November 6

Inside Out

MadArt Seattle’s latest exhibit brings Aztec and Mayan iconography to SLU.

Artist Marela Zacarías unexpectedly spent a good chunk of the COVID-19 pandemic at her family’s home in Cuernavaca, Mexico. While there, she reflected on societal and political unrest and found inspiration in the Temple of the Feathered Serpent in Xochicalco, a Meso-American archaeological site about 20 minutes south of Cuernavaca.

This temple serves as the centerpiece of Inside Out, MadArt Seattle’s latest exhibition. Zacarías built her version of the temple pyramid at MadArt out of wooden frames and wire mesh. Patrons will notice she left the temple’s foundation exposed, offering up multiple perspectives of the structure. Within the temple is a plaster figure called Cihuacoatl, which is the eponymous representation of an Aztec fertility goddess known to provide strength to women in childbirth.

Artist Marela Zacarías working on a painting with vibrant colors.
Artist Marela Zacarías working on a painting with vibrant colors.

Zacarías surrounded the temple with bright, colorful floor to ceiling murals on the perimeter walls of MadArt studio. These murals draw inspiration from actual relief carvings and the architecture of the temple in Xochicalco. According to MadArt, the murals help portray “overlapping cultural influences in Xochicalco after the disbanding and resettlement of many of the region’s indigenous empires.”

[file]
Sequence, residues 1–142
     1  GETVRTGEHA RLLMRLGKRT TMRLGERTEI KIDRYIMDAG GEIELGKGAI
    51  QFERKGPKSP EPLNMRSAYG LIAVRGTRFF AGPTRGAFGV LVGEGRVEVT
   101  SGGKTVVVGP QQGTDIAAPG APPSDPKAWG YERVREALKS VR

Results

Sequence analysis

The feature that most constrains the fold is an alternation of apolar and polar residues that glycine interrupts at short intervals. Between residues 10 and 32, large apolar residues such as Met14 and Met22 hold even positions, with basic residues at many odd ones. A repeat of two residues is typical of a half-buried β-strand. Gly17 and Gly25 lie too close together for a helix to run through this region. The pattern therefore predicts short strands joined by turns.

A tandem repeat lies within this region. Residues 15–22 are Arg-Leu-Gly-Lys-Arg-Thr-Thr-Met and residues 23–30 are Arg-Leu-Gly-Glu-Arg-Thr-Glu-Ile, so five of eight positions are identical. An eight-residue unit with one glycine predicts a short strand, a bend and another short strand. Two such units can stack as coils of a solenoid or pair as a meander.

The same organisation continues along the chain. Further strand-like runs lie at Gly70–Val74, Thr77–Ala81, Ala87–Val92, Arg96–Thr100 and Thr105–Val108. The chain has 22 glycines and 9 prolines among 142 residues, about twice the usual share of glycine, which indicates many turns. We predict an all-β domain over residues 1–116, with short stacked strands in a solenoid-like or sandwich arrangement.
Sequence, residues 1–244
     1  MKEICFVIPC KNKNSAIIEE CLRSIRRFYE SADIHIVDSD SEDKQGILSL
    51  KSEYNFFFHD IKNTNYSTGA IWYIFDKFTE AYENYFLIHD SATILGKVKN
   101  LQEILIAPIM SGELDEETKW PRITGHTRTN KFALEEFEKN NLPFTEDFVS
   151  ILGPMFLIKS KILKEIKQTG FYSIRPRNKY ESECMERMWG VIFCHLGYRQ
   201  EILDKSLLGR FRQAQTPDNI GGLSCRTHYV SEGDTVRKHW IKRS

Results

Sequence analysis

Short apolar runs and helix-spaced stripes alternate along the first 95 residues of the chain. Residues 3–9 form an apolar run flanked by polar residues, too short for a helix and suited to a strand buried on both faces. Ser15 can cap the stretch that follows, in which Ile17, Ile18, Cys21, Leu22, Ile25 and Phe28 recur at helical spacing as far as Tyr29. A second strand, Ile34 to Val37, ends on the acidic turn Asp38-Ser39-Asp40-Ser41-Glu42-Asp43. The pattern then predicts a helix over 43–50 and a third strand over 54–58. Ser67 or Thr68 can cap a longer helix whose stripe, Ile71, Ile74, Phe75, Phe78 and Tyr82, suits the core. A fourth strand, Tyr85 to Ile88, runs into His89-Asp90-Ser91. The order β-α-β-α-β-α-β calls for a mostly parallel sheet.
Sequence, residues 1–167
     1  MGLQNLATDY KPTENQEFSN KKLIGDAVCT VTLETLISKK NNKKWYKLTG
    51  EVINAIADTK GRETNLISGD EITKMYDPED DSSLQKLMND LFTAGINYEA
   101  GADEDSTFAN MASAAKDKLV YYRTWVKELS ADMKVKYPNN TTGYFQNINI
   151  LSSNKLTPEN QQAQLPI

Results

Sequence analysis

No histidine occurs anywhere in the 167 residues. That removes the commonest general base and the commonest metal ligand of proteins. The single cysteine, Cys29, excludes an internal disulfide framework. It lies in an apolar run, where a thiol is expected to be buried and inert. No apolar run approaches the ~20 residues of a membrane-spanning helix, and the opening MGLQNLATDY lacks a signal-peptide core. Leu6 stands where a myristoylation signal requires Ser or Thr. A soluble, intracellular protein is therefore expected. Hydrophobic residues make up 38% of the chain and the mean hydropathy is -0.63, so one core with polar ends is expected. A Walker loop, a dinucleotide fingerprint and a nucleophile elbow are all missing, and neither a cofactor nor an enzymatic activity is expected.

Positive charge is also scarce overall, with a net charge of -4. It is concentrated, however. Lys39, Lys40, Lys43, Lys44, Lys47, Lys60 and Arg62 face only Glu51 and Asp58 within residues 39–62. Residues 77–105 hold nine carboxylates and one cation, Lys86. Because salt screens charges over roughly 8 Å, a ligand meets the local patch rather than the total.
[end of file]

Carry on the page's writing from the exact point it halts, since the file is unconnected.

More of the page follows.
For the artist, Inside Out is an opportunity to retell the stories of lost communities in a new and vibrant way.

Check out Zacarías creating the temple and murals that make up this exciting new exhibit.

You can see Inside Out at MadArt Seattle Thursday­–Saturday from noon to 4pm through December 12. No appointments are necessary, but if you want to visit outside open hours, you can make that request to [email protected]. Note that masks are required and groups are limited to five people.

Story by Ethan Chung and photographs by James Harnois, Elias Herrera, and David Wulzen.

At The Center

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